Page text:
The actress, who has become a sensation at the Toronto Film Festival in Canada thanks to her debut movie Some Boys Don't Leave, reveals she was travelling through Europe trying to decide what to do with her life when she stopped to become a teacher.
She recalls, "It was just incredible. I was a senior in high school and not quite sure what I wanted to do. I really wanted to act but it's a really hard profession to go into.
"I took a year off between high school and college and I went and taught English in this tiny village in Transylvania. I was like Anna in The King of Siam (The King & I) but without the big hoop dress! I lived 30 miles from Dracula's castle, Vlad The Impaler.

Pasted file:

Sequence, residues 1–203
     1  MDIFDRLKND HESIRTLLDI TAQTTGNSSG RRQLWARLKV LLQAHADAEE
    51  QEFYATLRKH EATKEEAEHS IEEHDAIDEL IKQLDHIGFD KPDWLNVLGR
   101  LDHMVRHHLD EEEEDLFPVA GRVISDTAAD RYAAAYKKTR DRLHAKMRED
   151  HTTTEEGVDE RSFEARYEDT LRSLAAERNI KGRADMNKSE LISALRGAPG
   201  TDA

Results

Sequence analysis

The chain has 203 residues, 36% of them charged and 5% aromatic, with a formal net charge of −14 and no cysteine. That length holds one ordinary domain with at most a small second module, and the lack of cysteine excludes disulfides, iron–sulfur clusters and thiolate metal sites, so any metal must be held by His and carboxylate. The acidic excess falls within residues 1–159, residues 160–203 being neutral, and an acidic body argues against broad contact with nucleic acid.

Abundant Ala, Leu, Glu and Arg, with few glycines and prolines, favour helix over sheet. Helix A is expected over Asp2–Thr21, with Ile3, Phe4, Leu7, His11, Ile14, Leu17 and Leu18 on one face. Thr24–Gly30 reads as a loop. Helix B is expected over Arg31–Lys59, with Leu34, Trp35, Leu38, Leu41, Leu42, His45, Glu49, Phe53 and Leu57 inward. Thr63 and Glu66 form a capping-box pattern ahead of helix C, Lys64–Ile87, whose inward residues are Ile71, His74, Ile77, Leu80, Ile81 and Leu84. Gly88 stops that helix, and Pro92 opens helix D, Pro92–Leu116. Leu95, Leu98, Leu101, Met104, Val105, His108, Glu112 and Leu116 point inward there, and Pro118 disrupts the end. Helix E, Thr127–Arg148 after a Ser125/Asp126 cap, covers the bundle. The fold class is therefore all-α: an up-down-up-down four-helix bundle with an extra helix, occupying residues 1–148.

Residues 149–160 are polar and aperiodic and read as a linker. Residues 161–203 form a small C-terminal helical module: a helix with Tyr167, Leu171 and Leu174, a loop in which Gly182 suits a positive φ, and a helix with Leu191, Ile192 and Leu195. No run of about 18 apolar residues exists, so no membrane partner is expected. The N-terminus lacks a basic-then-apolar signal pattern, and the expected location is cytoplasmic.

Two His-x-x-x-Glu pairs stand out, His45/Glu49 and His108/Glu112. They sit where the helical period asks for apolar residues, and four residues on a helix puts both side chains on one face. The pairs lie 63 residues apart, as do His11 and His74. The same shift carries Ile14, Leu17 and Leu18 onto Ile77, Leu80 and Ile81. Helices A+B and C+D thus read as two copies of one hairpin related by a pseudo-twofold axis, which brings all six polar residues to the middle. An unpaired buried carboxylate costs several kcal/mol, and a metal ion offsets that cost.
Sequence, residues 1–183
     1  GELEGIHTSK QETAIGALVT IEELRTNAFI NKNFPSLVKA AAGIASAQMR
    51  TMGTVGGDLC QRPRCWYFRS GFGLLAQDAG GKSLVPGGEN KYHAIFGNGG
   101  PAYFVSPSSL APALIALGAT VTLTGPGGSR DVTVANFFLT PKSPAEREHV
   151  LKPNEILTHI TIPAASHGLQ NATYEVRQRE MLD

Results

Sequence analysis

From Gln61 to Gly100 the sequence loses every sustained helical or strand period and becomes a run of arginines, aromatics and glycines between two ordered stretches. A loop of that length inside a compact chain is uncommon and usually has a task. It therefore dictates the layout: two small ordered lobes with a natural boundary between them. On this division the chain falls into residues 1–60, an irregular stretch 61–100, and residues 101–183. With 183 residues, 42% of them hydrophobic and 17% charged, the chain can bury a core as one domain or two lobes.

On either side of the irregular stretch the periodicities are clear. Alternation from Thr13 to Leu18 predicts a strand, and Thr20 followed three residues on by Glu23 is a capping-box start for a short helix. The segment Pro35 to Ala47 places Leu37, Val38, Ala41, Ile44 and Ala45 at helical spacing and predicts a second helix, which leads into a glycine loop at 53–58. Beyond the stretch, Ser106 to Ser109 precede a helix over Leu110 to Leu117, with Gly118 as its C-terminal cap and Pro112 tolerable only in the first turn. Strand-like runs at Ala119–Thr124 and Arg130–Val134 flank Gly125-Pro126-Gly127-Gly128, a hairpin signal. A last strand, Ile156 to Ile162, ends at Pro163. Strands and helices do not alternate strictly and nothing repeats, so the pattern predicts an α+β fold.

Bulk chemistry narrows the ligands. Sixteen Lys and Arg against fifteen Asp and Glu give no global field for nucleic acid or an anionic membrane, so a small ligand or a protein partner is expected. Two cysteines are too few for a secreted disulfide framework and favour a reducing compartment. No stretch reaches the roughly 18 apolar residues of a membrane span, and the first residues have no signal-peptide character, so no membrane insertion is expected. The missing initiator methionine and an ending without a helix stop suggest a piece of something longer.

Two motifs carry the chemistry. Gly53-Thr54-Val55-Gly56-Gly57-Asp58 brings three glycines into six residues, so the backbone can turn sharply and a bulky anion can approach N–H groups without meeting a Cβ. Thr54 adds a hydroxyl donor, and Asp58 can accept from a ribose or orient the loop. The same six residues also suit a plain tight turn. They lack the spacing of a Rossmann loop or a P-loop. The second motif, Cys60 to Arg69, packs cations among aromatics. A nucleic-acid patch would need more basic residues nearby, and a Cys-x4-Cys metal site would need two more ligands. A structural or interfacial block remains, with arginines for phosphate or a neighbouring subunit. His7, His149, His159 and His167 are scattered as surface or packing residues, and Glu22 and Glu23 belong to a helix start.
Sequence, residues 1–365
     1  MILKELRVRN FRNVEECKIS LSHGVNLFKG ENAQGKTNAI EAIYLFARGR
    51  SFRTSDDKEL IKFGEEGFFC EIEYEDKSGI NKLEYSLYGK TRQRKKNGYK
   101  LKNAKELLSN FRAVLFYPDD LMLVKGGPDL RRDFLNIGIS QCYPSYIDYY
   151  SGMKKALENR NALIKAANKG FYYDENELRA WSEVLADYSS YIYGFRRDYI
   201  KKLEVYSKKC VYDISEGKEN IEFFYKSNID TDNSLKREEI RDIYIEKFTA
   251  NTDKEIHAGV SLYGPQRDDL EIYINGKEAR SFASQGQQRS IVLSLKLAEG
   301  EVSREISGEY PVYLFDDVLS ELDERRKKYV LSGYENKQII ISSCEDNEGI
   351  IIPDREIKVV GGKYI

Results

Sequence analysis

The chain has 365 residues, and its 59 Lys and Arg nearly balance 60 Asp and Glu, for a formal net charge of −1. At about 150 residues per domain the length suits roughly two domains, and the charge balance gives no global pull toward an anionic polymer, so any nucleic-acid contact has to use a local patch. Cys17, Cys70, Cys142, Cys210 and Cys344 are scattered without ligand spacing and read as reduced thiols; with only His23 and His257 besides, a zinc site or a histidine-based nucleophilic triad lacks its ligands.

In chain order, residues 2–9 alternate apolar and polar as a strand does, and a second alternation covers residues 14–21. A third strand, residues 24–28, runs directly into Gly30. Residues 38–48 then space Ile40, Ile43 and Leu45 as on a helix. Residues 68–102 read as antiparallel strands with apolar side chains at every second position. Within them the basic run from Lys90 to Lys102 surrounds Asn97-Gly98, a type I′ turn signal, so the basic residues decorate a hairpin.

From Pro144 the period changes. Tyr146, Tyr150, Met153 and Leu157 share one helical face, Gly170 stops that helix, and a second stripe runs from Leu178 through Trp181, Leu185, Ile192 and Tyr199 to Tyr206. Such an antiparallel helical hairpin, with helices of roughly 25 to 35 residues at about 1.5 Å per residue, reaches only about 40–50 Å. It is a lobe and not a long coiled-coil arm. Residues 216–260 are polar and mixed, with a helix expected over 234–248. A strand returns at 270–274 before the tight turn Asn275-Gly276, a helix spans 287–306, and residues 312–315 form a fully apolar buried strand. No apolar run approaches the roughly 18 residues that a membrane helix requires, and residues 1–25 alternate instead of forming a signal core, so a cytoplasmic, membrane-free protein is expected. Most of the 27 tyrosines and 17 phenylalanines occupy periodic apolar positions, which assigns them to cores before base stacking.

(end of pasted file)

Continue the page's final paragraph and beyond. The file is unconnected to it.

"I was in an Hungarian village and didn't speak any Hungarian at all when I got there - it's one of the hardest languages to learn. The people there were so welcoming and kind and they really have nothing. It was just so out of the blue. It was one of those experiences that, looking back on it now, I don't know how brave enough I'd be to do it if I knew how hard it would be.
"It really gave me a perspective on life and shaped me incredibly. The poverty level is extreme because the country came out of communism, so it really opened my eyes to how blessed we are in this country with opportunities."
And now, as her career takes off, she insists she'll always head back to Dracula's town whenever she gets the chance: "I can't wait to go back because those people hold a special place in my heart."